Piston Slap: Tighter truck turns via OEM+ upgrades?

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Michael writes:

I have a 1994 GMC long bed pickup. My problem/gripe is the turn radius, as the USS Missouri has a smaller turn radius. I did come across an article that said a set of 1998 control arms would help but that article was very vague. It’s said the problem is the tires hitting the control arms. If you have any ideas or a solution I’d really appreciate it. I’m wanting to rebuild the front end and address this problem while I’m doing it.

Sajeev answers:

The answer depends on your drive configuration (two- or four-wheel drive) and whether you have stock-sized tires. If you have a 4×4, the front axle geometry is your limiting factor, as you never want to stress/bind the CV joints just to get a tighter turning radius. If you have a 4×4 with beefier tires? Well, you probably already know the answer (i.e. return it back to the stock size).

Generic advice aside, you are right about the GMT400 platform having an upgrade for both the upper and lower control arms. It is derived from the newer C/K 2500 and 3500 front suspension, and the bits are easy to find online or at any parts store. I am a sucker for these OEM+ upgrades, but only in theory: Steering limitations from things like your pitman arm, steering box, etc. might keep you from enjoying the extra room offered by those control arms.

No matter—here’s one example of the bulky, stamped steel affairs on your truck.

GMT 400 Control Arm old
AC Delco


And below is an example of the slimmer forged steel (?) control arms from a newer 2500/3500 series truck. (I found these for a 1998 model.) After upgrading my 2006 Crown Victoria Police Interceptor to the aluminum lower control arms from a Mercury Marauder, I know which ones I want on your Sierra!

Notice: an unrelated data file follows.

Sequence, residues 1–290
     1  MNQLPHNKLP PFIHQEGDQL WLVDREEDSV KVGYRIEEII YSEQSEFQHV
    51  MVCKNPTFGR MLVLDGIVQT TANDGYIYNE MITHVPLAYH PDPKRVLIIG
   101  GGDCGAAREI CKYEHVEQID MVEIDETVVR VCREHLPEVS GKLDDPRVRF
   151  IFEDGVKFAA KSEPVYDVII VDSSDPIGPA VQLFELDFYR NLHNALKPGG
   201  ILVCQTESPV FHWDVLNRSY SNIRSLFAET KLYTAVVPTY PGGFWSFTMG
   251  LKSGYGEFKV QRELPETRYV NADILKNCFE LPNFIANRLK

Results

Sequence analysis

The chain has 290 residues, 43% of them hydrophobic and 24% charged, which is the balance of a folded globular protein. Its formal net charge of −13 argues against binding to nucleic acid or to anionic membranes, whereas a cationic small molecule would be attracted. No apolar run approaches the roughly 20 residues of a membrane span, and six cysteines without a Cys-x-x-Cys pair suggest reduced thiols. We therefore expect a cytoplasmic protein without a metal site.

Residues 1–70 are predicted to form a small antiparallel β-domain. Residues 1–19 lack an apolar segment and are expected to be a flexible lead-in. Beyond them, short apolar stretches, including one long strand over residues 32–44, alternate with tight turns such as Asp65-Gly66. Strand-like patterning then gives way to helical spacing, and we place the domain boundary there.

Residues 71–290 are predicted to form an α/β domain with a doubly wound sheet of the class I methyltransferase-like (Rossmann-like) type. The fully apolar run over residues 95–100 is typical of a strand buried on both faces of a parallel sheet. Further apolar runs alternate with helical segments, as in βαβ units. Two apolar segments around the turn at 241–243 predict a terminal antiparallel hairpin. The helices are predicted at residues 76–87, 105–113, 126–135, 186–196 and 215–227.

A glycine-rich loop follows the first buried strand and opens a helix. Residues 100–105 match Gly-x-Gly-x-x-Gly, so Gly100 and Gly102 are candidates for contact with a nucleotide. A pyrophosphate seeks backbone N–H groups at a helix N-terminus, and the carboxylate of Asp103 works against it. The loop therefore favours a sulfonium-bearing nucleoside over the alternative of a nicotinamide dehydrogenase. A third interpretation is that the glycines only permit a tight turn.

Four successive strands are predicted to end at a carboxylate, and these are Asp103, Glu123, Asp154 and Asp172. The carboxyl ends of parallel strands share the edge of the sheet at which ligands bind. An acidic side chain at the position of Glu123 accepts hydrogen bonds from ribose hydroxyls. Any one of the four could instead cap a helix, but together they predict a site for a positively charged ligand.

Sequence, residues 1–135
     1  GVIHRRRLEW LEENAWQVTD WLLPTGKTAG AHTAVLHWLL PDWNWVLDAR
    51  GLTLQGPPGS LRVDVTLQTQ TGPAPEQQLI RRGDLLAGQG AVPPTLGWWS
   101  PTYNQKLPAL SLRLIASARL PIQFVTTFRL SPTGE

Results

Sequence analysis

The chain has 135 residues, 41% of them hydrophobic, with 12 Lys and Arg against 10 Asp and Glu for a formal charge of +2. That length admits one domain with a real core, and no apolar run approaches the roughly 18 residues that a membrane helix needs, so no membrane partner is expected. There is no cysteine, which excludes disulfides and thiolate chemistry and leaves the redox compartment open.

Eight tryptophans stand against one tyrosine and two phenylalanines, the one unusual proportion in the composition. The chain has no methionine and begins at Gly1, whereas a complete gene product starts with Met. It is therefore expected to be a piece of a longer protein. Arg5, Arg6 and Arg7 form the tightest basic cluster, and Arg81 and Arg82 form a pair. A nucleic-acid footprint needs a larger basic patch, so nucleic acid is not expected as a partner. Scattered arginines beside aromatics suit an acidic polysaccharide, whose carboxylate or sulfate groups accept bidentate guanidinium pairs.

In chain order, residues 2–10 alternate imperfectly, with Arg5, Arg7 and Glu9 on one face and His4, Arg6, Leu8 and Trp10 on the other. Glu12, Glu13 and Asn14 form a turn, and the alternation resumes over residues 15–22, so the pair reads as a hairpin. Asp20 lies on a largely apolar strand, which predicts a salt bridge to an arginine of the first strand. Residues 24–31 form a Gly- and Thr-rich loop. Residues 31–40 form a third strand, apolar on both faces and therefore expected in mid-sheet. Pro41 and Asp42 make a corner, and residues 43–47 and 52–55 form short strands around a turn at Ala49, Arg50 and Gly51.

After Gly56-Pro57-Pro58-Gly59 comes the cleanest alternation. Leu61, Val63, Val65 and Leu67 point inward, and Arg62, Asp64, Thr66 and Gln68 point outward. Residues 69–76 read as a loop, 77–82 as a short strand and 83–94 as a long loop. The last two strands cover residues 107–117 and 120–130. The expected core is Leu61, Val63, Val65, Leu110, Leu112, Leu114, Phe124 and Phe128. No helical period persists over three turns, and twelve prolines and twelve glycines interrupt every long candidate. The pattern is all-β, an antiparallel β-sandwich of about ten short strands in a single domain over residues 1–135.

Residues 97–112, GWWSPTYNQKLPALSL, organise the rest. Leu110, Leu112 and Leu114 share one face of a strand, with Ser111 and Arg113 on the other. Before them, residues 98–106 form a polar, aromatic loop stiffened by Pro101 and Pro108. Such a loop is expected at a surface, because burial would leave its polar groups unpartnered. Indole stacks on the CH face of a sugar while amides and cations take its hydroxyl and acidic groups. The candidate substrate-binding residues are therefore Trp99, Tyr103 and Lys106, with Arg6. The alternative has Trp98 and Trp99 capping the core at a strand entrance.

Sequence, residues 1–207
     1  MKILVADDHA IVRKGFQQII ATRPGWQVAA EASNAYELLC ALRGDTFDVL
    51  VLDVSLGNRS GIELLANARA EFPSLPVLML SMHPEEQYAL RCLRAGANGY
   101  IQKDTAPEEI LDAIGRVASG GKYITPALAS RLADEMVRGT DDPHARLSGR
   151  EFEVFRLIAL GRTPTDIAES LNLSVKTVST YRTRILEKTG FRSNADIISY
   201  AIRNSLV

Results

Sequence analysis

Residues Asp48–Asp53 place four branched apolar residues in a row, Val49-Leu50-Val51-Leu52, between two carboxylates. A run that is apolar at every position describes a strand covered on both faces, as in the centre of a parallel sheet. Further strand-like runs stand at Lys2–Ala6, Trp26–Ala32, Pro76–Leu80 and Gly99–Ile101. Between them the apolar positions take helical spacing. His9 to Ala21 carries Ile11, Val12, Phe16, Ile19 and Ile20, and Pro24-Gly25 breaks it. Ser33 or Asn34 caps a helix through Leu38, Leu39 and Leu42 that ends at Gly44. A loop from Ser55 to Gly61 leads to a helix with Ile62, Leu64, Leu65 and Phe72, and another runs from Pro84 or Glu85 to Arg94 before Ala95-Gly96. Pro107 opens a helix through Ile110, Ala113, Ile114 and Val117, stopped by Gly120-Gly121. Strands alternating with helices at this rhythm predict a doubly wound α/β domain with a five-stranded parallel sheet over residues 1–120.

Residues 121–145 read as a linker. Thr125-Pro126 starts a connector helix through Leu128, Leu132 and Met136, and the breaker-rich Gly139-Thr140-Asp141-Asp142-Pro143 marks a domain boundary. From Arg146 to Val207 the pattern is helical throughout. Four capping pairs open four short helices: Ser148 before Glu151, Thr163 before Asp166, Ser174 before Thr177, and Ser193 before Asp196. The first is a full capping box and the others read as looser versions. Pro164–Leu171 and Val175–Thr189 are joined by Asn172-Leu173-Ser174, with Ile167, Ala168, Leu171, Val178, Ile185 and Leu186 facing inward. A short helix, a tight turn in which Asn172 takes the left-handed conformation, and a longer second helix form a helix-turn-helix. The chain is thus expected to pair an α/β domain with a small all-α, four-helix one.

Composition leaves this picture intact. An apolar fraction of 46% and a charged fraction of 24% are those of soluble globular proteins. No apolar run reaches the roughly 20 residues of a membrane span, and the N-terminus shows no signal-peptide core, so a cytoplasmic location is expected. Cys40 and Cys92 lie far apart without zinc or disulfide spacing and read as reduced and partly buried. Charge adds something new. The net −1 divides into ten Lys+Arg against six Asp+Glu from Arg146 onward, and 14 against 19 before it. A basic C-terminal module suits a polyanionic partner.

GMT 400 Control Arm new
AC Delco

But don’t trust people on the Internet, especially me. Ask your preferred parts vendor to get you an example of both and ensure that the hard points match. I’d be tempted to purchase both old and new designs of all four control arms (eight total) just in case the newer control arms didn’t work. Nobody likes leaving a project up on jack stands, and parts stores mark up their stuff for good reasons—they don’t want their liberal return policies to put them in the red.

Let’s hope that new front suspension gives you a little more turning flexibility. If not, maybe we’ll need to dig deep into steering parts. Who knows, maybe the Internet didn’t lie this time.

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